Toledo mayoral candidate Wade Kapszukiewicz said Monday the city of Toledo should join a lawsuit against opioid manufacturers and suppliers.
Mr. Kapszukiewicz, an unendorsed Democrat, announced his stand at a news conference outside the Lucas County Courthouse where he was joined by a couple who lost their son to heroin addiction that began with the use of prescription drugs.
On Tuesday, he and two other candidates – endorsed Democrat Mayor Paula Hicks-Hudson and Republican Councilman Tom Waniewski – are scheduled to participate in a forum at Old Orchard Elementary School that begins at 7 p.m. Meanwhile, Toledo City Council candidates will appear at a forum sponsored by the Young Black Democrats from 6 to 9 p.m. Tuesday at YWCA of Northwest Ohio, 1018 Jefferson Ave.
Laurie and John Clemons of Northwood said their son Brandon Morris, 30, died of a heroin overdose in 2015. They said he was prescribed painkillers for a knee injury while playing football in high school. Two men were convicted in Wood County in connection with their son’s fatal drug overdose.
“I am calling on the City of Toledo to join Ohio cities such as Cincinnati, Dayton, Lorain, and Findlay in a lawsuit against drug companies. Any and all proceeds from this suit should be invested in the treatment programs for people who are suffering through this epidemic,” Mr. Kaszukiewicz said.
“These Ohio cities are no different from Toledo. States like West Virginia and Kentucky have successfully done this and been able to improve their response and turn their communities around,” Mr. Kapszukiewicz said.
In May, Ohio Attorney General Mike DeWine sued five major opioid manufacturers and their subsidiaries, saying marketing downplayed addiction risks while playing up drug benefits, making Ohio the second state to do so. Dan Tierney, a spokesman for Mr. DeWine, said Ohio is reviewing the possibility of litigation against distributors.
Mr. Kapszukiewicz said he was prescribed the prescription opioid Percocet for a shoulder injury in 2008, and said he could understand why it would ensnare users. He said he it made him feel “giddy” and “happy.”
“I can easily see how some people can get addicted, just from that experience on my right shoulder and the medicine that they prescribed, it’s not a stretch at all to me to see how people can become addicted to those painkillers,” Mr. Kapszukiewicz said. “People are led to believe that those drugs are safe, but they’re not.”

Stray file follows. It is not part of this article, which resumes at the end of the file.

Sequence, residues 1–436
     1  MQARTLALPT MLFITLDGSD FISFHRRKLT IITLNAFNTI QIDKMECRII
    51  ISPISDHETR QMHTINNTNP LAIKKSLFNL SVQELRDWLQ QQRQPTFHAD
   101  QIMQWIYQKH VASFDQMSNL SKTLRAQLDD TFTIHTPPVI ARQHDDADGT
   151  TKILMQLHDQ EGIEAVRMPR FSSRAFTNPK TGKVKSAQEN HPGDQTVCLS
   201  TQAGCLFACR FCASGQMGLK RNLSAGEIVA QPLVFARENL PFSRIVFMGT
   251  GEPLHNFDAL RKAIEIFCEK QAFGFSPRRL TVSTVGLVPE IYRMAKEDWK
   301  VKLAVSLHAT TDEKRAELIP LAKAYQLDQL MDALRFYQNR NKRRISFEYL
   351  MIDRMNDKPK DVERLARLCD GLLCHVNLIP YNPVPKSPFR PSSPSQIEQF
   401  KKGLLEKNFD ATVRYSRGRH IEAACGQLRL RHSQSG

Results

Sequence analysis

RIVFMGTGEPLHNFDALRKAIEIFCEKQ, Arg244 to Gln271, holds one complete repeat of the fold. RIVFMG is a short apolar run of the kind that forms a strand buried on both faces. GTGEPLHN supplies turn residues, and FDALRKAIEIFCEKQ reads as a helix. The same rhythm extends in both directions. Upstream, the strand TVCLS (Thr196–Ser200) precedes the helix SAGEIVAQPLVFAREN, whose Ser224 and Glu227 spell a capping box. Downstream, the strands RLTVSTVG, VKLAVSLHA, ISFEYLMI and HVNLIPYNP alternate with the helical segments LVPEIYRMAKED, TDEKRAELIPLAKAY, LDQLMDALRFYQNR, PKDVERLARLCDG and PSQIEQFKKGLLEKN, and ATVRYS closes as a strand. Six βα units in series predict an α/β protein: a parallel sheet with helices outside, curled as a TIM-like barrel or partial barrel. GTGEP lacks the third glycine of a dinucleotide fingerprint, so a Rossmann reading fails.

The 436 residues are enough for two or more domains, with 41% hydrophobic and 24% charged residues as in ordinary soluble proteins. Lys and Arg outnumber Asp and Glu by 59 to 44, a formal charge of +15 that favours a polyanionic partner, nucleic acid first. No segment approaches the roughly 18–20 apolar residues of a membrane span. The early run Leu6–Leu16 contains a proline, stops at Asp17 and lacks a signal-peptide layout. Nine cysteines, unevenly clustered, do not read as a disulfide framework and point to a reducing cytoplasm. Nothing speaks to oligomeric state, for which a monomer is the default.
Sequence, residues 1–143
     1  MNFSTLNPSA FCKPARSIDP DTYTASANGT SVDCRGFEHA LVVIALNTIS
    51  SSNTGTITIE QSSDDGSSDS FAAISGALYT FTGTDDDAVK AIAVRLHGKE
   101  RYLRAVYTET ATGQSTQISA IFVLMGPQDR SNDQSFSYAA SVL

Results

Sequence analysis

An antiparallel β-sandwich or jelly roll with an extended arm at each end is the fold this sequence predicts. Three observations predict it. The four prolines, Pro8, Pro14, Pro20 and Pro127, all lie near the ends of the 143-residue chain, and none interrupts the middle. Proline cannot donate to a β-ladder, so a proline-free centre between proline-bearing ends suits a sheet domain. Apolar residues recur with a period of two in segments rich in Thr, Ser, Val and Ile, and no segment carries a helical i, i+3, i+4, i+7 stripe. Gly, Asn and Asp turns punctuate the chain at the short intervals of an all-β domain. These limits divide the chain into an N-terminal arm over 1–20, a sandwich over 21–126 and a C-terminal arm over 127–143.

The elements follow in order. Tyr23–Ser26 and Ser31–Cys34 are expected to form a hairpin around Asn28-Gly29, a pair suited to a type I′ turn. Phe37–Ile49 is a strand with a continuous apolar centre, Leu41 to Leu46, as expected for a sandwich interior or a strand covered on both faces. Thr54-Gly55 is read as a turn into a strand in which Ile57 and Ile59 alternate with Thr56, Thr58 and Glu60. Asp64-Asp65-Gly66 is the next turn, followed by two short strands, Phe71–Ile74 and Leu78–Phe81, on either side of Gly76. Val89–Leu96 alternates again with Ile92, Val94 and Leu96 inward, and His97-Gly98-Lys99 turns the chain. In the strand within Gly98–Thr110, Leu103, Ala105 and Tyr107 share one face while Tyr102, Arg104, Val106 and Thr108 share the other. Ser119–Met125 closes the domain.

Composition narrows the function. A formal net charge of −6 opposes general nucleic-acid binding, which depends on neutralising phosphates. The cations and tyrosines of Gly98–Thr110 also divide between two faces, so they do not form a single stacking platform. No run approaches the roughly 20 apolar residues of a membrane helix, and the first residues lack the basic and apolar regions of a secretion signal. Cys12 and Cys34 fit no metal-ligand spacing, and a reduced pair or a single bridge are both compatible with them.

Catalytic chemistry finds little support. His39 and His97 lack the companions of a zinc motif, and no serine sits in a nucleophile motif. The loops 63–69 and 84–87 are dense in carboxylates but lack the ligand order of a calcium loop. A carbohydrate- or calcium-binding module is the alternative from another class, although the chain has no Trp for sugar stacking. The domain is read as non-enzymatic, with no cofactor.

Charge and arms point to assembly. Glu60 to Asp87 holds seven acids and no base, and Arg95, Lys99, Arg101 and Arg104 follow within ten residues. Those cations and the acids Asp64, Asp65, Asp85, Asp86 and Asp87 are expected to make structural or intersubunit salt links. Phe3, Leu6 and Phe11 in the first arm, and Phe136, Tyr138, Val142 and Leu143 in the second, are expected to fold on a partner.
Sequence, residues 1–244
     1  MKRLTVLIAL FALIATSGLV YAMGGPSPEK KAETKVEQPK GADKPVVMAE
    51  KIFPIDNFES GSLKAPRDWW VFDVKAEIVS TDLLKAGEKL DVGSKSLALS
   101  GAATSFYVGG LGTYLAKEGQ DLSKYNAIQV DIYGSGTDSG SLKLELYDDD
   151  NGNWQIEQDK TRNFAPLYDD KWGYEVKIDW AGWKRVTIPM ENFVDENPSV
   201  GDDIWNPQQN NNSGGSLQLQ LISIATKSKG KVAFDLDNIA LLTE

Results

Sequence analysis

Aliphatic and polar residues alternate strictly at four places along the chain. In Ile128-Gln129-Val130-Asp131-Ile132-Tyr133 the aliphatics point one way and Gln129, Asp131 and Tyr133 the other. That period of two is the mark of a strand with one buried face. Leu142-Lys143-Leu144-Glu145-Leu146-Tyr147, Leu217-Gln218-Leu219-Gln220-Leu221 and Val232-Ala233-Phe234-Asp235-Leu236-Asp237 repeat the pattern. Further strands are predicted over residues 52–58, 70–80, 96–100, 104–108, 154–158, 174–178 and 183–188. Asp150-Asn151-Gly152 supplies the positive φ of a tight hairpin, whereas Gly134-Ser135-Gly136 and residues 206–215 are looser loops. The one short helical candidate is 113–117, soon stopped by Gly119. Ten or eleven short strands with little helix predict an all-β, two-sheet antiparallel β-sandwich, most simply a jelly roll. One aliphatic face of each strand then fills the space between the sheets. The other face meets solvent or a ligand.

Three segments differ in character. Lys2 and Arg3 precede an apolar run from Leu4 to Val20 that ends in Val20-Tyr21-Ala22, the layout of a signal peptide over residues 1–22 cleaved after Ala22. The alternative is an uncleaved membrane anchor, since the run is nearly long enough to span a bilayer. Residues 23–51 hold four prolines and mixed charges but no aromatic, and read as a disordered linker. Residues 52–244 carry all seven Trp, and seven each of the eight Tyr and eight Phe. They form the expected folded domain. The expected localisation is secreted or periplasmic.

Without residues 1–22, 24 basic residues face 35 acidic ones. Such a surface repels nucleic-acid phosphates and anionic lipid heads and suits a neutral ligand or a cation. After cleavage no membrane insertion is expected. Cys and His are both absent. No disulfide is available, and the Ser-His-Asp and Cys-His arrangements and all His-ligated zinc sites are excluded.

Mr. Kapszukiewicz also called for creation of a regional opioid response team including Lucas, Wood, and Ottawa counties. Mr. and Mrs. Clemons said a problem they learned about was a lack of sharing information between counties.
Mr. Kapszukiewicz, Ms. Hicks-Hudson, and Mr. Waniewski are competing in the Sept. 12 nonpartisan city primary. The two highest vote-getters in that election will face off in the city’s general election for mayor on Nov. 7.
Mr. Waniewski said in a prepared statement that “education and legislation are much more effective ways to deal with this issue versus litigation.
“I’d much rather see the cost of litigation (which was not mentioned in Kapszukiewicz’s announcement) funneled into our local law enforcement programs and work with local, state, and federal legislators to develop effective laws to combat this epidemic. I would also add that since the state of Ohio is already pursuing this very long and arduous route, we should focus on what we can do today through education and legislation,” Mr. Waniewski said.
A spokesman for Mayor Hicks-Hudson said she has asked the law department to research the city’s legal options.
“It sounds easy for the city to join a lawsuit, but it takes careful and thoughtful discussion on the issues. Mayor Hicks-Hudson has been working with the local, state, and federal governments and agencies to address the serious issue of opioid epidemic affecting those in our community,” spokesman Carrie Hartman said.
She said Ms. Hicks-Hudson has been working with Ohio Mayors Alliance for more than a year to promote legislative action and with Cities Thrive Coalition, a national organization made up of 185 American cities to tackle addiction and substance abuse problems through comprehensive mental health programs and awareness.